On September 9, during Apple's San Francisco special event, Apple’s Sr. Vice President, worldwide marketing, Phil Schiller, took to the stage and introduced the iPad Pro. The latest and largest tablet of its kind from Apple delivers an incredible 12.9", 5.6 million pixel display, and weighs only 1.5 lbs. Accompanying the iPad Pro is a versatile accessory called Apple Pencil along with an optional Smart Keyboard. While the iPad Pro left the audience quite pleased, Schiller made one comment that was likely to have left Intel speechless.
Apple’s new OS X version, El Capitan, is now weeks away from release. Although unlikely, it is possible El Capitan might be released next week at Apple’s special event in San Francisco, or perhaps a day or two before the big event. This is great news for Mac users, even though many may not know it has arrived or what benefits it delivers.
Starting with the name of this release, El Capitan, Apple is signaling that this version of OS X is full of bug fixes, turning OS X into a strong, reliable pillar. El Capitan is a prominent feature in Yosemite National Park, and the play on words is not the first time Apple has done this with a new version of their desktop operating system. OS X Leopard (10.5) was followed by OS X Snow Leopard (10.6). OS X Lion (10.7) was followed by OS X Mountain Lion (10.8). In both previous cases the Snow Leopard and Mountain Lion releases fixed a myriad of bugs found in earlier releases and also managed to offer some new features. Expect El Capitan to do the same thing. Bug fixes and optimization — both in performance with Metal and in usability with Split View — are the mainstay of this release, and Mac fans should appreciate this next version of OS X.
Yesterday Apple released two operating system updates. In reality, Apple really released three: OS X 10.10.5, iOS 8.4 and iTunes 12.2.2. If you think about it, iTunes is somewhat of a pseudo operating system inside an operating system (for managing media on Mac, iOS and Windows).
First, Apple released all three of these yesterday at the same time. It tells us that iTunes must’ve been at the core of the fixes because it would and could effect both iOS and OS X. The iTunes release notes state this version contains bug fixes for Apple Music — a critical component of Apple’s iTunes strategy going forward.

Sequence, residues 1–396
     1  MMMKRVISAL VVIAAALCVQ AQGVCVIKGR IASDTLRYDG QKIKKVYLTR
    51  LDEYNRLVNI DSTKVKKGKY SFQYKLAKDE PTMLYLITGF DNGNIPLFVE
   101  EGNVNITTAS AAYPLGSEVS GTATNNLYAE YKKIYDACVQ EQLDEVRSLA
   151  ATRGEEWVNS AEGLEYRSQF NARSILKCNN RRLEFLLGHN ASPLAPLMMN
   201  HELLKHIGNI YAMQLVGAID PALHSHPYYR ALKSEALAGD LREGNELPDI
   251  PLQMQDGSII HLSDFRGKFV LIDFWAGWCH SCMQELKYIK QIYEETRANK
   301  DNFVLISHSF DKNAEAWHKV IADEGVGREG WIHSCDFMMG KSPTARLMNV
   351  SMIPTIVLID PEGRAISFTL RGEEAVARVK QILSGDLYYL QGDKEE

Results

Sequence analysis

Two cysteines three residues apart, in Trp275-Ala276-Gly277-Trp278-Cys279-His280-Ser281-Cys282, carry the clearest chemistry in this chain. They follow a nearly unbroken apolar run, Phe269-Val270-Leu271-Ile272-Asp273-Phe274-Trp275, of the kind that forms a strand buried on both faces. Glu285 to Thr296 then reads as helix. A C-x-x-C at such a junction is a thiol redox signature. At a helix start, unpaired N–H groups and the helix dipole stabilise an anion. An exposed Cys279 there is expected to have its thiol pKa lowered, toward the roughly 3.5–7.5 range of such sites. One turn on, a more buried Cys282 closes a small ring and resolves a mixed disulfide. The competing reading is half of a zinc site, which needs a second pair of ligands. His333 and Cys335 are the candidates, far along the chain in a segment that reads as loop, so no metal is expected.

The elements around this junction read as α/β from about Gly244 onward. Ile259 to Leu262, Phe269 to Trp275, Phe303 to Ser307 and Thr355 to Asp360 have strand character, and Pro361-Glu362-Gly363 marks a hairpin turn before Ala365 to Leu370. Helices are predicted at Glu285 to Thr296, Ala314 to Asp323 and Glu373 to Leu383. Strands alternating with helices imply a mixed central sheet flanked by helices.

When Scott Forstall was given the big boot at Apple, software UI design took a major turn at Apple. Several in the graphic design field have bemoaned the new UI design era of Jony Ive and his flat looking user interface in both OS X and iOS. However, most of the complaints are about OS X. Starting with OS X Mavericks and continuing with Yosemite, Ive & Co. changed the way everything has looked in OS X: from the dock to icons to system fonts, to windowing — almost everything.
Below are five things we have compiled from T-GAAP user feedback that would make OS X El Capitan far more useable and far more appealing.
Lately things have not gone so well for Apple — not that they have been disasters, but for about 8-10 years there was nothing our favorite fruit company could do that wasn’t a gigantic success. iPhone, iOS SDK, iPad, Mac transition to Intel, OS X,... just to name a few. That does not mean Apple did everything right (kill Xserves for example), but overall their successes far outweighed any shortcomings.
However 2015 has been a different year for Apple. With much promise, Apple Watch was going to be that “new product” that everyone was wearing. It was supposed to be the year that whether you went to the mall, to church or to the airport, you would always spot several people wearing Apple Watch. Nearly five months in, that just is not the case. Apple Watch is for sale, but even Apple hid its sales numbers for the device in their last quarterly earnings report (expect the same for this quarter’s as well). That is not something you do for a product that is flying off the shelves.